Francis may believe that “Time is greater than space,” but his behaviour in the context of the McCarrick situation is not blowing over. Peronism’s delays and obfuscation will not work in the United States; Hegelian incrementalism has its limits. Thus, when Archbishop Vigano released his testimonies—notarized, sworn-to assertions about what he told Pope Francis about McCarrick—, Francis’s efforts to seem to rise above it all by staying and playing dumb inevitably failed: “I won’t say a word,” he told journalists on a plane, “It is an act of trust.”
We can imagine a man, dirty white vest and shorts, in front of the cameras on Cops. Hands in the air—bottle of Jack in one and a cigarette in the other—kids screaming, wife bleeding, asking incredulously: “What, what!?” Sadly, that man is The Vicar of Christ, huddled in a corner, waiting for the cock to crow three times.
When the silence and innocence approach failed, the Pontiff of Mercy and No Judgments came out swinging against the, admittedly, aristocratic Vigano and those who wanted his allegations investigated:
In these times, it seems like the 'Great Accuser' has been unchained and is attacking bishops. True, we are all sinners, we bishops. He tries to uncover the sins, so they are visible in order to scandalize the people. The 'Great Accuser', as he himself says to God in the first chapter of the Book of Job, 'roams the earth looking for someone to accuse'. A bishop’s strength against the 'Great Accuser' is prayer, that of Jesus and his own, and the humility of being chosen and remaining close to the people of God, without seeking an aristocratic life that removes this unction.
In making such statements, Francis sought to paint himself as the victim. But most Catholics do not envy privilege as much as they treasure the Truth. Taking the divisive South American Jesuit entitlement-mindset approach frequently used to whip up the secular crowds, Francis sought to dismiss the charges against him as coming solely from “elite” busybodies wandering about looking for someone to accuse of something. Those who have legitimate concerns he classified as acting like the Devil, “uncover[ing] the sins, so they are visible in order to scandalize the people.” By implication, it could be argued that it seems to Francis that clerical sins seem to be fine. It is uncovering them that is the problem. One can see how this would be construed as being a tacit admission by Francis of Vigano’s claims.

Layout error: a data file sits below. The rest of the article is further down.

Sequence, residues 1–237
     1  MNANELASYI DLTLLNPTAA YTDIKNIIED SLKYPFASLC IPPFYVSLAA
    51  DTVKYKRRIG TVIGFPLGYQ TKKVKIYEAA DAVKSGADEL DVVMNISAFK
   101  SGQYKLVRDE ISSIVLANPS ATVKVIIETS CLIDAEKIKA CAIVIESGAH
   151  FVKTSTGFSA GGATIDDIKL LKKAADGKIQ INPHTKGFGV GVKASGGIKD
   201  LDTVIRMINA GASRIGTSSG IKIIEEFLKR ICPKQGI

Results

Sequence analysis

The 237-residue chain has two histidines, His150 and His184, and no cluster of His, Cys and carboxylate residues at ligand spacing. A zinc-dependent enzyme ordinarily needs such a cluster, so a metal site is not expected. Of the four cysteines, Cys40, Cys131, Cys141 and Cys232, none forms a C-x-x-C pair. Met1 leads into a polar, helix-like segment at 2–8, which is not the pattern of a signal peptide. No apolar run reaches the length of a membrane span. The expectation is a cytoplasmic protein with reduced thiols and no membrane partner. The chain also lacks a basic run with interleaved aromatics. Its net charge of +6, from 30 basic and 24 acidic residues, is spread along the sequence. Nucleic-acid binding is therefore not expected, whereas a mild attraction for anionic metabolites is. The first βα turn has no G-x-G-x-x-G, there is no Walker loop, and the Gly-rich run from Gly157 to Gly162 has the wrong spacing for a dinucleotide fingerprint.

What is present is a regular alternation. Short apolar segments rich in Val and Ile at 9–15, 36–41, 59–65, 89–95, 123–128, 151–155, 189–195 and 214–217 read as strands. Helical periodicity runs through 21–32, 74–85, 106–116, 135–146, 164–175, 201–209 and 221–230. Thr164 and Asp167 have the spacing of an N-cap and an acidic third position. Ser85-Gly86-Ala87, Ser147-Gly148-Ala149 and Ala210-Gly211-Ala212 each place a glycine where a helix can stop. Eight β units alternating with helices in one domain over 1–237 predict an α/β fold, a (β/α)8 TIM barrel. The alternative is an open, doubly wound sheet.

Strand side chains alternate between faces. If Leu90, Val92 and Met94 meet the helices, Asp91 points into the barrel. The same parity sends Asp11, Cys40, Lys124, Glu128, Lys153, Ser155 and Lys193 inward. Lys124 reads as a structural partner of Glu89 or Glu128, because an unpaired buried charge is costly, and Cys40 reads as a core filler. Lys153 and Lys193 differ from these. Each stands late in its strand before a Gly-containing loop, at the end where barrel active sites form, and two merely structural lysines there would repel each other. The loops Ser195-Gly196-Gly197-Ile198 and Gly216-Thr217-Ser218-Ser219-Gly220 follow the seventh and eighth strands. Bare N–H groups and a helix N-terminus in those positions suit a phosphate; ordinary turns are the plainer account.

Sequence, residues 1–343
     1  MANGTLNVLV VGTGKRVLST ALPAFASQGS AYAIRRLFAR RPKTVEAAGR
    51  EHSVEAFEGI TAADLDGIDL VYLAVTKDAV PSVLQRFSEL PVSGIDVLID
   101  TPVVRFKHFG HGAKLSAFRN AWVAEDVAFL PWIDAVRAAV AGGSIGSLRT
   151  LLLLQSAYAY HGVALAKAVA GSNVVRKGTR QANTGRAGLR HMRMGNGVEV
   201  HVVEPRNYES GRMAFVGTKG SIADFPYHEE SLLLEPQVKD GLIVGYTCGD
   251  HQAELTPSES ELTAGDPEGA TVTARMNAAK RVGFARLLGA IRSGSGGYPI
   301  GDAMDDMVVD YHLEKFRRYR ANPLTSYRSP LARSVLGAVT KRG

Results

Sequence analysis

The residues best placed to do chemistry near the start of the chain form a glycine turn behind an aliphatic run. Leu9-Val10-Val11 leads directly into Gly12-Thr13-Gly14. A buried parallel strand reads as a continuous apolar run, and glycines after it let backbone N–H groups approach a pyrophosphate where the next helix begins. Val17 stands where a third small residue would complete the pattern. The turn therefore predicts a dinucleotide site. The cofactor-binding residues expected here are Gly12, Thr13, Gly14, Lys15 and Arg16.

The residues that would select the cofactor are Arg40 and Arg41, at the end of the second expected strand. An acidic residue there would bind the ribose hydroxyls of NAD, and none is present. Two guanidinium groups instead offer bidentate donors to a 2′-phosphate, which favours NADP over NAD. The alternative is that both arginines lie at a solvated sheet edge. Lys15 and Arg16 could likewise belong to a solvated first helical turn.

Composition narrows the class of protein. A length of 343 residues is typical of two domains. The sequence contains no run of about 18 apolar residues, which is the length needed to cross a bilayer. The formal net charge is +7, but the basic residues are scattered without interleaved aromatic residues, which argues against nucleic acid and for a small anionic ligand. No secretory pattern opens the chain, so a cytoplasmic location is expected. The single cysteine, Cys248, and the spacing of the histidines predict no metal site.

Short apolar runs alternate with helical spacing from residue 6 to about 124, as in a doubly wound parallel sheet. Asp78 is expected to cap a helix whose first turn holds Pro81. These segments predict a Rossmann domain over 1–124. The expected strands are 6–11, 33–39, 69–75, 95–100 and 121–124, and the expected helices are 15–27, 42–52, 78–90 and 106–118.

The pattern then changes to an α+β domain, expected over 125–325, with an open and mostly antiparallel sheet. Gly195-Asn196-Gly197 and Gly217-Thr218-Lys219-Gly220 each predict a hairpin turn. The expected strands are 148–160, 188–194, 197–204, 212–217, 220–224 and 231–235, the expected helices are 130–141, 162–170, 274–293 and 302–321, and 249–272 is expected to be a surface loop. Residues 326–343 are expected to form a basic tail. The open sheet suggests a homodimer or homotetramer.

Again, we have the image of the white-vested perp on Cops maintaining his innocence despite all of the evidence to the contrary. In terms of the neighbour who called the police when she heard the screaming next door, “She should just mind her own business and stop meddling! She has always been a troublemaker! She has too much money, too much education and too much time on her hands!” When this defense fell relatively flat in democratic America—where success is deemed a positive and not a negative—, a character witness was called in the person of Cardinal Blase Cupich, a McCarrick protégé.
Cupich said that the court of public opinion should simply ignore the whole thing. Francis has, said Cupich:
a bigger agenda. He’s got to get on with other things, of talking about the environment and protecting migrants and carrying on the work of the church. We’re not going to go down a rabbit hole on this [whole homosexual issue in the clergy].